Vincent Fichot is making a last bid effort to gain rights to see his two children.
The 39-year old former French derivatives trader has been on hunger strike since July 10th, encamped a short distance from Tokyo’s Olympic Stadium. Fichot hasn’t seen his six-year old son and four-year old daughter in three years, since his wife “abducted” them on August 10th, 2018.
Japanese police warned Fichot that they would arrest him if he contacted his children, he says, after suggesting to them he might try to do so.
Unlike other developed nations, Japan does not offer joint child care in divorce cases. In theory, parents decide which of the two spouses gets parental authority. Often in practice, one parent — usually the mother — absconds with the children and claims domestic violence against their estranged spouse, as happened in this case.
Each year about 150,000 spouses in Japan lose access to their children in this way, with little recourse in Japanese courts. Most are Japanese citizens.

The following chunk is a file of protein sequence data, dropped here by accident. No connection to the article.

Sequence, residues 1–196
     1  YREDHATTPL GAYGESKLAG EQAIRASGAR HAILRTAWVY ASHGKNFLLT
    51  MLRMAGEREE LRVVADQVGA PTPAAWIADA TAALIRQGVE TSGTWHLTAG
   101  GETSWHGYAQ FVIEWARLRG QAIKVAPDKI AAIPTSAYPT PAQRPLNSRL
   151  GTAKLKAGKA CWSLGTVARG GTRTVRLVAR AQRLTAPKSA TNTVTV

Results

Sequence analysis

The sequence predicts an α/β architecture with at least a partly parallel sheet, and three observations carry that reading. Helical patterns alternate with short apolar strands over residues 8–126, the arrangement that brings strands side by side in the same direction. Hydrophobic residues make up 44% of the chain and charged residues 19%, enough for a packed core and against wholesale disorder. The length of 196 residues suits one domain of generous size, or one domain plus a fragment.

Fichot extended his efforts to gain access by launching a French criminal investigation into the abduction of a French minor. He also lobbied the United Nations and petitioned the European Parliament, namely to restore children’s right to access both parents in Japan. In result, the European Parliament called for Japanese authorities to change their legal system and to enforce international child protection laws. But Japan ignored them.
A group of French fathers, unable to see their children (including Fichot), met Emmanuel Macron during the President’s visit to Japan in June 2019. Macron referred to them in a subsequent Tokyo press conference, calling it “absolutely unacceptable” for Japanese law to cause his fellow countrymen such distress. The fundamental rights of children and their parents must be defended, Macron said, adding, “We will do everything to be at the side of these fathers.”
Fichot pins his last hopes on Macron being true to his word. The President is scheduled to arrive in Japan on July 23rd to attend the Olympic Games. The hunger strike aptly coincides with the visit.
“I’m staying here until I get my kids back,” Fichot says.
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